In these days of tight credit and significant writedowns it may seem logical that arrangers will set their sights on decreasing external legal spend. However, in practice the reverse is true.
In the years leading up to the first half of 2007, arrangers were concerned primarily with the distribution risk of selling their underwritten commitments. The M&A market in Europe is historically a vendors' market, which has seen compression of timelines to be the first across the line to support a purchaser's bid.
The question pre-credit crunch was not whether something was right from a credit protection perspective, but rather whether it had been done before and sold on that basis. Arrangers are now investing more time and cost in finding a good credit that will sell well, and there is a more balanced focus on both credit and distribution risk. It is this shift in focus which is requiring far more 'lawyering' of transactions in a number of ways:
• There is more due diligence compared with pre-credit crunch when deals (and not just recaps) were being done on the basis of very little due diligence.
• Arrangers' credit committees are far more focused on security and it is becoming important to stress-test structures using insolvency analysis.
• As a consequence of sponsors and arrangers accepting funding at acquisition levels less than that required to squeeze out minority shareholders, arrangers are focusing on all the ramifications of the remaining minority stake.
• Syndication is starting pre-closure, with syndicate banks appointing their own external legal counsel to review the documents at an early stage and often pre-signing, resulting in far more negotiation on the underlying documentation.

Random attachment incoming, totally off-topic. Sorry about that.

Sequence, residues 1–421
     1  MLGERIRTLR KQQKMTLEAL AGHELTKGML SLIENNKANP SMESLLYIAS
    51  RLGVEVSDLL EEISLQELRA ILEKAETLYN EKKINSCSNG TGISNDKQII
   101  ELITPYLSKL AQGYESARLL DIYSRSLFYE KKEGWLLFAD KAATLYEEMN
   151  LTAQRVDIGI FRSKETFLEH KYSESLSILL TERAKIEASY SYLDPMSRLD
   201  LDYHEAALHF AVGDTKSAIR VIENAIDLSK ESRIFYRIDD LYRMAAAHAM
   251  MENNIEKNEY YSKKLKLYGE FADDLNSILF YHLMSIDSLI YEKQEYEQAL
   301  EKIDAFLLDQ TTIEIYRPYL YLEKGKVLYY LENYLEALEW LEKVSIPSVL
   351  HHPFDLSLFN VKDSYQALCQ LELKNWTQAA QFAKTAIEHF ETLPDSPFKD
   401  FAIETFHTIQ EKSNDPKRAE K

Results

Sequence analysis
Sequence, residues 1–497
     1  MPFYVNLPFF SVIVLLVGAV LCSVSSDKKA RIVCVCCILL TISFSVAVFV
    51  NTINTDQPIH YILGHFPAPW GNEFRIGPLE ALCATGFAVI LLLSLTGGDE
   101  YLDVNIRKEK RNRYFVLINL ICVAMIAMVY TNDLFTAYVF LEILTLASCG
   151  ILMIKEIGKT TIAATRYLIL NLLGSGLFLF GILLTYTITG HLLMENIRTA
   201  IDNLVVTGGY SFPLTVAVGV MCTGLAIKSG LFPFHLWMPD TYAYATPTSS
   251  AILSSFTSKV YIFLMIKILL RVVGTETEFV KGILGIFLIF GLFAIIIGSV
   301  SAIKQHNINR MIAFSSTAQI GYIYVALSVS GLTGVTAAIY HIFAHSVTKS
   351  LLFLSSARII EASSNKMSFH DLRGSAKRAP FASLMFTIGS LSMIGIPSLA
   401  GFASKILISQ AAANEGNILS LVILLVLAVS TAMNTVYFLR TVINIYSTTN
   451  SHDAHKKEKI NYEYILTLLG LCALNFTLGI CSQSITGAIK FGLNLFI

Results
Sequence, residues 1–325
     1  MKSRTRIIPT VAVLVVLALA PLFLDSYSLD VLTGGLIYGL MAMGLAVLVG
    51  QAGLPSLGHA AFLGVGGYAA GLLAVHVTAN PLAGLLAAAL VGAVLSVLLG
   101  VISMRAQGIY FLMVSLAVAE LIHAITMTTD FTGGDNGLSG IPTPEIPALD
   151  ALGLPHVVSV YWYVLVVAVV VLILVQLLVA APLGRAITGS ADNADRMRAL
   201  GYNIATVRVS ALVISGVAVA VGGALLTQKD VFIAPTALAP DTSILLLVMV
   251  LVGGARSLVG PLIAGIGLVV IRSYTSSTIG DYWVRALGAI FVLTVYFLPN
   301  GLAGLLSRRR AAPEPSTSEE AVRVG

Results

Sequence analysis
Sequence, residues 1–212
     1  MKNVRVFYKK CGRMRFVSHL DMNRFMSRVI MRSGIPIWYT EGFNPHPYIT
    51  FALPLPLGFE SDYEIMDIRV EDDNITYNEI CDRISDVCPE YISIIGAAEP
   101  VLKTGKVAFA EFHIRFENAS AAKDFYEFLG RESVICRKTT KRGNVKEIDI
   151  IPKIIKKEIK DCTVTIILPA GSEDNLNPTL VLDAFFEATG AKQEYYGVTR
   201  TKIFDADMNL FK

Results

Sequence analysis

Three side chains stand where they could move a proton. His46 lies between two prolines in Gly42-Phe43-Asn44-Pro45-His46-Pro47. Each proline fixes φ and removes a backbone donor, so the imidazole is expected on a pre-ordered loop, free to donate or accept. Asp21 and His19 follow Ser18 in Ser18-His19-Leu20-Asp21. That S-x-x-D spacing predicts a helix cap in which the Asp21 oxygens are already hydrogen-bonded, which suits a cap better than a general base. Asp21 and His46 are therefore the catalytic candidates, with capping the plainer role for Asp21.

Although documentary terms have become relatively more 'bank-friendly', they have not improved as much as one would expect as a result of the credit crunch. There are a number of reasons for this. First, it could send a signal to the market that something was wrong with the pre-credit crunch terms. Second, sponsors are still able to use relationship pressure in negotiations. And finally, lenders are focusing more on the economics rather than improving documentary protections for the sake of it.
There is a fine balance in ensuring that strong credit protection remains, even if documentation is still not entirely bank-friendly, and arrangers are turning to external legal counsel for advice to achieve this balance.
More to come
The changes in leveraged financing documentation made in the pre-credit crunch days may mean that deals will not allow lenders to renegotiate or restructure until a significant time after problems appear, given poor covenant protections in the pre-credit crunch deals. At this point there may be a far greater need to negotiate to reach a solvent outcome than would previously have been the case had lenders been able to step in at an earlier point in time.
In the days of easy credit, the lenders simply sold the debt and moved on. Lawyers' input is far more valued now - not only in helping to structure new deals but also in dealing with stressed or distressed credits.
Annette Kurdian is a partner at Linklaters